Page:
Sulzbacher Professor of Law, Gender, and Sexuality Studies, Columbia University
Katherine Franke is the Sulzbacher Professor of Law, Gender, and Sexuality Studies at Columbia University, where she also directs the Center for Gender and Sexuality Law and is the faculty director of the Public Rights/Private Conscience Project. She also serves on the Executive Committee of Columbia’s Center for Palestine Studies, and Institute for Research on Women, Gender & Sexuality. She is among the nation's leading scholars writing on law, religion and rights, drawing from feminist, queer, and critical race theory; and teaches and lectures widely on human rights in Palestine/Israel.
Her most recent book, Repair: Slavery’s Unfinished Business, Haymarket, 2019, makes the historical case for racial reparations today by looking to forms of reparation for slavery in the form of land redistribution in the 1860s. Her previous book, Wedlocked: The Perils of Marriage Equality, NYU Press, 2015, considers the costs of winning marriage rights for same sex couples today and for African-Americans at the end of the Civil War. Franke was awarded a Guggenheim Fellowship in 2011 to undertake research for Wedlocked. In addition to her work at the Law School, she works regularly in Palestine, most recently serving as an academic mentor for the human rights faculty at Al Quds University in East Jerusalem, and sits on the steering committee of the Academic Advisory Council of Jewish Voice for Peace. She also chairs the board of directors of the Center for Constitutional Rights, based in New York City.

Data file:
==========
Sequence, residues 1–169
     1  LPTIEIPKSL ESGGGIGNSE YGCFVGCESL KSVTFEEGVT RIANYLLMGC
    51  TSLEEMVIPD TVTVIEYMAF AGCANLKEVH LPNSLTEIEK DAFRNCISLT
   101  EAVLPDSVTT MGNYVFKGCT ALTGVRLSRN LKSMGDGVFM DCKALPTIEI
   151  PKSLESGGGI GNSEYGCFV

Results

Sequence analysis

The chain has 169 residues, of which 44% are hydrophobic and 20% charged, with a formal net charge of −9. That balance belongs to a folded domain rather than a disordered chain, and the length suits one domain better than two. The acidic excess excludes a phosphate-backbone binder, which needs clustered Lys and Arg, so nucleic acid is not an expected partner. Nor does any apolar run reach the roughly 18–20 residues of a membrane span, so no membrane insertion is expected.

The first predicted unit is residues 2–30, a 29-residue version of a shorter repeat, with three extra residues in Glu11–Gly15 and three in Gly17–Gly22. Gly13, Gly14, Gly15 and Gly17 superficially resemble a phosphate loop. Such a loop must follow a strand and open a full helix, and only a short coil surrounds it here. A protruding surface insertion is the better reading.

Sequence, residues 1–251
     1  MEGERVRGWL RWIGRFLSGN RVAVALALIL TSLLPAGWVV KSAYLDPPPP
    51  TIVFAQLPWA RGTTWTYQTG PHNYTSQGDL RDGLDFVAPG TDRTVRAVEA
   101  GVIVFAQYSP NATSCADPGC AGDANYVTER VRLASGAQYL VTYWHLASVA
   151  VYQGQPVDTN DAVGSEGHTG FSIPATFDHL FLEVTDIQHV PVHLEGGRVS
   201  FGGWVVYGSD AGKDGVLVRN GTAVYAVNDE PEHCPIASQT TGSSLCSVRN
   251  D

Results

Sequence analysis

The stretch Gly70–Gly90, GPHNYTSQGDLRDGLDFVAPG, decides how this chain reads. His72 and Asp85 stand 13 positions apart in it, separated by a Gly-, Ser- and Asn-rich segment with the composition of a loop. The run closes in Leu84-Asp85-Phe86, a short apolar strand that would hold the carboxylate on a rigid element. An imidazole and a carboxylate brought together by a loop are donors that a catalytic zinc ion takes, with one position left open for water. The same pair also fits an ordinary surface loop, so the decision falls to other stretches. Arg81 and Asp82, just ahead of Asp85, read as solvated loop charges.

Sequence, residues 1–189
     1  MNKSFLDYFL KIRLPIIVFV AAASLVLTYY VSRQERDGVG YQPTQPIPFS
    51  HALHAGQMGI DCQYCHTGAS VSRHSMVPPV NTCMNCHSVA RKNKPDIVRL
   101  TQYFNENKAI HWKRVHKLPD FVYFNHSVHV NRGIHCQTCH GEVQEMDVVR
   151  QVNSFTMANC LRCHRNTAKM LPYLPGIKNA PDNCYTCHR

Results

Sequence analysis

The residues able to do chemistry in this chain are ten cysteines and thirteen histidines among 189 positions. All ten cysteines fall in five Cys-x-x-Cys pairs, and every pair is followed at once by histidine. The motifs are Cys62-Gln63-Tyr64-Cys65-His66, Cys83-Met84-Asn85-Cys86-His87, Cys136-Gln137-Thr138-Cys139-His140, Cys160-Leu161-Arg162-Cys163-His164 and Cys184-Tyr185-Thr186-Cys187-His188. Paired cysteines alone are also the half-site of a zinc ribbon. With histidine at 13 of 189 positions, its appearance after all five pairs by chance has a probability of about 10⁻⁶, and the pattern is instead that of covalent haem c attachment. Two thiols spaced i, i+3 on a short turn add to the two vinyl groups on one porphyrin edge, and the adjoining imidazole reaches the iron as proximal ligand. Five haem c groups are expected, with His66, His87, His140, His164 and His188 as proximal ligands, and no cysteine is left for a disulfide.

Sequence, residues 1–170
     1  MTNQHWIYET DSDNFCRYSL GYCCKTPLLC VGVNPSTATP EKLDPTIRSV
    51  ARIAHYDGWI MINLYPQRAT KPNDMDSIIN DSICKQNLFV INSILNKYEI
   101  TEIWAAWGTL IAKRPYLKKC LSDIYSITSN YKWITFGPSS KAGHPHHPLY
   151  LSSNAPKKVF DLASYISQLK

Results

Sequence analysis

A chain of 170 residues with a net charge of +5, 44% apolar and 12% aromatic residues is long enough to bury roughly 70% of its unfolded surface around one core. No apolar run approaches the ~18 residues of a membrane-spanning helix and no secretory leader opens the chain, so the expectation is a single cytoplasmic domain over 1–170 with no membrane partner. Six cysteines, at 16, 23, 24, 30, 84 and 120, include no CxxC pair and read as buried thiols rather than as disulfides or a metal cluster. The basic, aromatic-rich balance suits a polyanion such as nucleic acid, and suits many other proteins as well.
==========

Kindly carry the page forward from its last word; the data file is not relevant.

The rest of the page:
Before coming to the Law School, Franke was an associate professor at Fordham Law School and the University of Arizona College of Law. From 1990 to 1991, she was the executive director of the National Lawyers Guild. Prior to that, she worked for the New York City Commission on Human Rights and founded the AIDS and Employment Project.